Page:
According to a survey from Zero Turnaround Apache log4j is the leading Java logging framework.
This was actually a very interesting survey. It shows SLF4J is most often used as a logging facade with 61%. But it seems it is most often used with Apache Log4j, which is used by 52% of all survey participants. Just 29% use logback and only 7% JDK Logging. The same number of people write their own framework.
While the report says “Logback” is the successor of “Log4j” I need to say this is wrong. The successor of Log4j 1 is Log4j2. Our users will love to know that Apache Log4j 2 is under heavy development. After all these years we are moving away from the ancient code of Log4j 1 to Log4j 2. We have learned from the lessons of the past and build Log4j 2 to be insanely fast and stable.
In fact we wanted to make Log4j 2 so reliable that you can use it as an audit logging framework. With all the other frameworks this can’t be done so far. For example, log4j 1 and logback will loose event while reconfiguring which is not acceptable when you need to audit. Read more about that in the official docs.
There are actually many more improvements which should make use Log4j 2 in favor to any other logging framework.
Not only because Log4j 2 is just fantastic (in my opinion). It’s developed with the umbrella of the Apache Software Foundation. The Foundation does take care that all developed code at Apache stays free. Nobody can suddenly close down the source repositories and force you to pay for the code. You are not tied to any commercial entity. With the ASF you prevent vendor-lock in.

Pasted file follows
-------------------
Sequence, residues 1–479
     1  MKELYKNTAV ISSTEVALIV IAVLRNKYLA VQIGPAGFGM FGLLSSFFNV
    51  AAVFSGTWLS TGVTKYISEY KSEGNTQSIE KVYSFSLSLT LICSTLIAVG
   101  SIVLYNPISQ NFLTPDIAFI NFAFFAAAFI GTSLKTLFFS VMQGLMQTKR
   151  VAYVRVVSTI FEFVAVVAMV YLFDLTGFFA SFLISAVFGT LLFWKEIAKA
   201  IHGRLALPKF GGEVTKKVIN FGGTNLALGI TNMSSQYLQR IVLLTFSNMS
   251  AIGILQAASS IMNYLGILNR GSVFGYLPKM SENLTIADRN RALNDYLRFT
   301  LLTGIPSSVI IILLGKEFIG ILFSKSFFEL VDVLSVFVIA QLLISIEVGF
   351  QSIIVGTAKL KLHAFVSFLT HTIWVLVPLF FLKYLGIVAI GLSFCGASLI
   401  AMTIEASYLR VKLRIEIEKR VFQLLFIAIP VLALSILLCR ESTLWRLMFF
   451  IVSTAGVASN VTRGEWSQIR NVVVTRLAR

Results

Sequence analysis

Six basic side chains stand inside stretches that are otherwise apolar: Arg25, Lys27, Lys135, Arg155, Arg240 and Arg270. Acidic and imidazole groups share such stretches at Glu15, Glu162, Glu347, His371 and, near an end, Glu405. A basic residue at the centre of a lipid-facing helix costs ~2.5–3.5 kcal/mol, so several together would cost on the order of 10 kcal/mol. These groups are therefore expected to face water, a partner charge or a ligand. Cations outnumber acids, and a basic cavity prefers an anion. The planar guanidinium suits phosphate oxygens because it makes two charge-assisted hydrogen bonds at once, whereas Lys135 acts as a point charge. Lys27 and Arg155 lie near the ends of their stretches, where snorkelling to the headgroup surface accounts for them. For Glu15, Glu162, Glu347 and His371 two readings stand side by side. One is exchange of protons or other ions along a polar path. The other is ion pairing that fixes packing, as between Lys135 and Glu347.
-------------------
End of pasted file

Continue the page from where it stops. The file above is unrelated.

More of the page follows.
At Apache Logging we invite people to join us as committers on a regular basis. We are an open community. If we see you have an long term interest in our project chances are very good that you’ll be invited to join us. In other terms: you can definitely influence Apache Logging and you can be sure that Apache Log4j is developed in a way the community wants it, not any commercial entities.
With that being said I would like to point you to another site. While the Apache Software Foundation protects your favorite Logging-Framework, many people have asked me about a standard for Logging within the JDK. Looking how widely spread slf4j is I agree there is a need. I have recently joined the “New Logging” approach. I believe it is time for the JDK to provide a standard logging facade. With such a facade the “Logging wars” can finally be put to an end. My hope is the Apache Logging team will be able to provide you a first reference implementation of that facade. Unfortunately this is a long road to go. If you are interested, join the Java.net project and voice your opinion.